Also keep in mind that Weiss hasn’t testified under oath yet, as demanded by House Republicans, to clear up what was said at that Oct. 7 meeting, nor has Garland. They clearly don’t want to, given the indicators of credibility for the two IRS whistleblowers.

Given the questions about Weiss’ credibility and competence as a prosecutor, as well as the lawyers working for him, why would the attorney general select him as a special counsel, knowing full well that the relevant regulation calls for him to pick someone outside government?

Hundreds of qualified former U.S. attorneys or retired federal judges or other distinguished lawyers could have stepped into the role of special counsel and conducted an impartial, thorough investigation and prosecution.

The facts here, much of which have been gathered by the Justice Department and House investigators, aren’t terribly difficult: Hunter Biden got money from entities abroad (including China and Ukraine) while his father was vice president; he refused or failed to pay taxes on this income; he didn’t register as a foreign agent; and he lied on a federal form when he applied for a handgun.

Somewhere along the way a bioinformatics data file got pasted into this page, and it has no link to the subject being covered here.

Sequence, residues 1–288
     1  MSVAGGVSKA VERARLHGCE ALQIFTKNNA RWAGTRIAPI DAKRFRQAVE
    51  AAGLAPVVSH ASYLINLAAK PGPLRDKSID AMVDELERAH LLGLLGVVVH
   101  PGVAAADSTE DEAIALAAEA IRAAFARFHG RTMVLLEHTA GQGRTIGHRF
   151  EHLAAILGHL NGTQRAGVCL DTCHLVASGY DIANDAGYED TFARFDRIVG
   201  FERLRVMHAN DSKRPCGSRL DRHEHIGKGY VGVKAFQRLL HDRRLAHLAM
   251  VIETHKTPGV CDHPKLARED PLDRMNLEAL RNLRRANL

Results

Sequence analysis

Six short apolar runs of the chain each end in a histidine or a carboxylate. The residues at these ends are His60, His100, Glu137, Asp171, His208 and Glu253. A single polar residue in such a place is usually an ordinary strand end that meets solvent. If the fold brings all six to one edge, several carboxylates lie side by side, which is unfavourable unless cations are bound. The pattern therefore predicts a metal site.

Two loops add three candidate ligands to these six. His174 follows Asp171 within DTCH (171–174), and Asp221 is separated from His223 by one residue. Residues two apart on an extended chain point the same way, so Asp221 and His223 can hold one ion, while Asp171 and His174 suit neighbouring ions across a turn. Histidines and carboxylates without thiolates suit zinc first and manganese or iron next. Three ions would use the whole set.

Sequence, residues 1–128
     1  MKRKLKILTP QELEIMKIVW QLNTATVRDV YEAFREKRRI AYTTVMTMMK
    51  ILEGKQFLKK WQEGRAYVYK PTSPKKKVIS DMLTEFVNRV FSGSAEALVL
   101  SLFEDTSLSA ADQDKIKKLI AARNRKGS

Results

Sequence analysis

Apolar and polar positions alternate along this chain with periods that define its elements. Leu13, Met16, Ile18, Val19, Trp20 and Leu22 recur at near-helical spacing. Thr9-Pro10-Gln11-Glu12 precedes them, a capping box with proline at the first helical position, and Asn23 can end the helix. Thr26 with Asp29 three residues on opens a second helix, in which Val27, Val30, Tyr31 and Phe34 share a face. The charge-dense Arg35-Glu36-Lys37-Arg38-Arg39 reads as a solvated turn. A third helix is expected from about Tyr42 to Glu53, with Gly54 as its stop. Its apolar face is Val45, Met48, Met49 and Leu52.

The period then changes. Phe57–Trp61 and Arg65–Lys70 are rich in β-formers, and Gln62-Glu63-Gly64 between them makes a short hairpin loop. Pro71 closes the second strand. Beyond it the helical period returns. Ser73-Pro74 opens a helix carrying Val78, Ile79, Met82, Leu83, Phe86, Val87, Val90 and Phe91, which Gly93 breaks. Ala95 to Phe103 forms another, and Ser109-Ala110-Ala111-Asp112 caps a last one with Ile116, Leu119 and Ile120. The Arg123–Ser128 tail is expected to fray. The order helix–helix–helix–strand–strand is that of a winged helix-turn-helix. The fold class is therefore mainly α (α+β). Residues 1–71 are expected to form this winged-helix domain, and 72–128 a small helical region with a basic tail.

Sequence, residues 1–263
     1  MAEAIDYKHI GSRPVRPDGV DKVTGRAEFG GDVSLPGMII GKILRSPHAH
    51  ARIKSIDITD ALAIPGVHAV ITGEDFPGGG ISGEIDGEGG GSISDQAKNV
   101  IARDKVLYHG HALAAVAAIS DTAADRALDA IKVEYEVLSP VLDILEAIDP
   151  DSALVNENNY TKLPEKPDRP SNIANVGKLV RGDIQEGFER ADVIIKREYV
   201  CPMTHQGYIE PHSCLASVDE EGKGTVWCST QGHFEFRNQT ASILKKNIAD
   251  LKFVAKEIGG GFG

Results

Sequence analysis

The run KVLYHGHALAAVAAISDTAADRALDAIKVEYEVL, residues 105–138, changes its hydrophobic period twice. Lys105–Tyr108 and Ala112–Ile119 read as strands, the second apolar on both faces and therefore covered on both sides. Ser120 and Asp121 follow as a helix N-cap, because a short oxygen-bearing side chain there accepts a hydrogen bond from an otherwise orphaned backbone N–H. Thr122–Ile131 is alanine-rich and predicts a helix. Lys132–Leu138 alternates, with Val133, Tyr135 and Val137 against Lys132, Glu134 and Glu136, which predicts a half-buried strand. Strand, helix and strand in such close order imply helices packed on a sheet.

Any experienced former prosecutor could handle that case and follow the facts (if allowed) wherever they lead. This case could have been wrapped up years ago.

And therein lies the rub. By violating the stated requirements for a special counsel in appointing Weiss, Garland guaranteed that the “investigation” of Hunter Biden will be one in name only. The facts—all of them—never will come to light.

Charles “Cully” Stimson is a leading expert in national security, homeland security, crime control, immigration, and drug policy at The Heritage Foundation’s Center for Legal and Judicial Studies. Read his research.

Hans von Spakovsky is a senior legal fellow at The Heritage Foundation, a former commissioner on the Federal Election Commission, and former counsel to the assistant attorney general for civil rights at the U.S. Department of Justice. He is a member of the board of the Public Interest Legal Foundation.